Fertilizing Tomatoes: How Often?

Fertilizing Tomatoes: How Often?

Tomato plants are highly nutritious and therefore require sufficient nutrients on an ongoing basis. In addition to a nutrient-rich substrate, fertilizing is essential for growth. In addition, fertilizing strengthens the resistance of tomatoes and protects them from pests and diseases.


General information about fertilizing

Before fertilizing should first pay attention to the composition of the soil. For example, clay soils are extremely rich in nutrients, so here the amount of fertilizer can be halved. In addition, it should be noted that plants that have a high light requirement need more fertilizer. The location also plays an important role: for outdoor tomatoes, in contrast to balcony tomatoes, preparing the soil with fertilizer is beneficial.

Fertilizing Tomatoes: How Often?

How often to fertilize?


How often to fertilize tomato plants?

How often to fertilize depends on the variety of tomato, as well as the type of fertilizer. Basically, after planting, the plants are fertilized about every two weeks. If the tomato plants show signs of deficiency, fertilizer should be applied more often.

When to fertilize?


When to fertilize the tomato plants?

As a general rule, never fertilize at sowing time! Because the tomato seeds germinate in principle in a sowing soil, which is already very rich in nutrients. A further addition of tomato fertilizer would be counterproductive, as it can lead to malformation or deficiency of the roots.

  • when buying a young plant do not fertilize directly
  • but about 2 to 4 weeks after planting
  • preferably in the root area with a complete fertilizer
  • about 50 grams per plant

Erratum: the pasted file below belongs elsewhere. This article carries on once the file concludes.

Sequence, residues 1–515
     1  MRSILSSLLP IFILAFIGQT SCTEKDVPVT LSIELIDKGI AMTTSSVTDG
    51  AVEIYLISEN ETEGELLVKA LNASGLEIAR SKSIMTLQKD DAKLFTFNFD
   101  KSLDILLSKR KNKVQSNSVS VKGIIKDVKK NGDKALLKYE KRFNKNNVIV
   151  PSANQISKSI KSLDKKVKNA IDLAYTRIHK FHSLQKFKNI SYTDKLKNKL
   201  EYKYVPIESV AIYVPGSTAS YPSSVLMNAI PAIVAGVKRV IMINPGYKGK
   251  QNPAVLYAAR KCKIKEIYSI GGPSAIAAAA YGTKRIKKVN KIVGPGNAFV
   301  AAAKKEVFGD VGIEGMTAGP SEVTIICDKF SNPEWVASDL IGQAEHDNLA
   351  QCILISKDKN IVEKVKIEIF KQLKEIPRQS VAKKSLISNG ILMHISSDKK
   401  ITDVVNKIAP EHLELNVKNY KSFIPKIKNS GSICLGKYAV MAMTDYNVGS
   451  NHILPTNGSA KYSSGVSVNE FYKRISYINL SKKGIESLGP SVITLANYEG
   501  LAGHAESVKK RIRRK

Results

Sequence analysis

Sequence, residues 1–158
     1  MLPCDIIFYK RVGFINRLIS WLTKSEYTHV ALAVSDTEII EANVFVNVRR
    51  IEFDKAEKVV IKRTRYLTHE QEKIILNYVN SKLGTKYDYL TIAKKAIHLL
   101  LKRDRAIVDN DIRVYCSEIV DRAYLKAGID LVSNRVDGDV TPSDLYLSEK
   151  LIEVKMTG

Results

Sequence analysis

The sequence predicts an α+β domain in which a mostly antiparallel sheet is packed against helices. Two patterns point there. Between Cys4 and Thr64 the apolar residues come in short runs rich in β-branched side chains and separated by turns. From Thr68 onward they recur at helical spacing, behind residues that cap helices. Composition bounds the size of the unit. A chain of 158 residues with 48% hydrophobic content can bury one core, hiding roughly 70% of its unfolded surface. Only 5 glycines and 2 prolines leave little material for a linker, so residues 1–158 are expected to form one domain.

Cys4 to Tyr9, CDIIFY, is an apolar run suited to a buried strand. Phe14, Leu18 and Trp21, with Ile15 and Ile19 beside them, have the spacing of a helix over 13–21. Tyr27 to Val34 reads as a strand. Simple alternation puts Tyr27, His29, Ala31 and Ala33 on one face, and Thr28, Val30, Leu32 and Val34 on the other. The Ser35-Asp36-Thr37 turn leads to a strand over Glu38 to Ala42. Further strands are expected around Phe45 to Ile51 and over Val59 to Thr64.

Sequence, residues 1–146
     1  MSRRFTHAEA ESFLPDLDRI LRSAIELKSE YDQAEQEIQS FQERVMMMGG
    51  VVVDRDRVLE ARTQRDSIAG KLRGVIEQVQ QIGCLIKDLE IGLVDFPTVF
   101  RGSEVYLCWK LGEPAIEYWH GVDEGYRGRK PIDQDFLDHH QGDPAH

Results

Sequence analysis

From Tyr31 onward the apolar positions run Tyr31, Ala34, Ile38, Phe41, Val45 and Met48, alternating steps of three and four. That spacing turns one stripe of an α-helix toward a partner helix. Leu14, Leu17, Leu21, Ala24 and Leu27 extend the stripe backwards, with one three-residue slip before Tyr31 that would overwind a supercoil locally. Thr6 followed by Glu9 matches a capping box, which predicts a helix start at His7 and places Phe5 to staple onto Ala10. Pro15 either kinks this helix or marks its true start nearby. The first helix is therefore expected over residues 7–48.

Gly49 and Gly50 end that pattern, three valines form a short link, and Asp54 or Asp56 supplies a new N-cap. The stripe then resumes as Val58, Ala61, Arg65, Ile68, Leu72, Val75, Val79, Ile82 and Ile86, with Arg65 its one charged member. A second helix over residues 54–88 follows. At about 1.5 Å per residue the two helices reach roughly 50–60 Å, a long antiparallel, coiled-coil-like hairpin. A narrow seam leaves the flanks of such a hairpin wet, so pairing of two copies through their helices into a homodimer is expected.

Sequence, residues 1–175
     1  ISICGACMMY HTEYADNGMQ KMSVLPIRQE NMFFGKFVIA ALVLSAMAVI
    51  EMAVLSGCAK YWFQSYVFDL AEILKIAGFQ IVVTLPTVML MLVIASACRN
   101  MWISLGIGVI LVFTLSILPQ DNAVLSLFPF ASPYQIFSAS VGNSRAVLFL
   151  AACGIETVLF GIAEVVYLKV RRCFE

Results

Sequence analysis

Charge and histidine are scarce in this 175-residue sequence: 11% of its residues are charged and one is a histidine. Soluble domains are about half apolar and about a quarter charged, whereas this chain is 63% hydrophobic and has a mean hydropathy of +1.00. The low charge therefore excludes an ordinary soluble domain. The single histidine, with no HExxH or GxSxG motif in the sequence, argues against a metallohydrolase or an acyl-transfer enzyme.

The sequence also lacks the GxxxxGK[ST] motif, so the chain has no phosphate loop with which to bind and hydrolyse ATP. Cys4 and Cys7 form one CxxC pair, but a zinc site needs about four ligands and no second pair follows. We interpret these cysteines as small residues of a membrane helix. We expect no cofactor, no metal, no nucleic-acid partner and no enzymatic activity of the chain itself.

• fertilize after four weeks
  • ideally early in the morning, before the sun shines
  • or in the late evening hours
  • because if the sun is too strong, the roots and leaves can burn


For tomatoes in the bed, it is worth preparing the soil for the coming year. In this case, the soil is already fertilized in the fall, for example, with compost. This allows the organisms in the soil to decompose the compost over the winter, making the soil very rich in nutrients in the next season.

Tomato fertilizer


What tomato fertilizers are available?

Meanwhile, there are numerous tomato fertilizers, which differ in composition, duration of action, as well as handling. Basically, a distinction is made between mineral and organic fertilizers

Mineral fertilizers

Mineral fertilizers are industrially produced or artificial fertilizers. The advantage of these tomato fertilizers is that the composition of the ingredients is perfectly adapted to the tomato plants. In addition, unlike organic fertilizers, there is no risk of contamination, harmful substances, as well as pests. Mineral tomato fertilizers are particularly suitable for cultivation in tubs and they come in different varieties:

Liquid fertilizer

Liquid fertilizers are particularly suitable for cultivation in tubs as well as for cultivation in a dry climate. Many amateur gardeners resort to a liquid tomato fertilizer, as its handling is extremely simple and it acts very quickly. This tomato fertilizer is used as follows.

  • from the second week after planting
  • until flowering about every 2 to 3 weeks
  • weekly after fruit set
  • never water on dry soil
  • the soil should be slightly moist


Fertilizer sticks and drops

These tomato fertilizers are particularly convincing due to their long-term effect, which can last from a few weeks to a complete season. The composition of the ingredients is also adapted to the tomato plants, but the dosage varies depending on the preparation. The sticks are quickly and easily applied.

  • are particularly suitable for potted plants
  • sticks a few centimeters from the edge of the pot
  • stick them into the soil close to the roots


Blue grain

Care should be taken with this high-dose industrial fertilizer, as its use often results in overfertilization. This can damage or burn the roots. Nevertheless, this chemical product has an unbeatable advantage, because the tomato plants are supplied with all the necessary nutrients enormously quickly. To fertilize tomatoes with blue grain, proceed as follows.

  • add a few grains to the moist soil
  • leave enough distance from the plant stem
  • then water so that the grains dissolve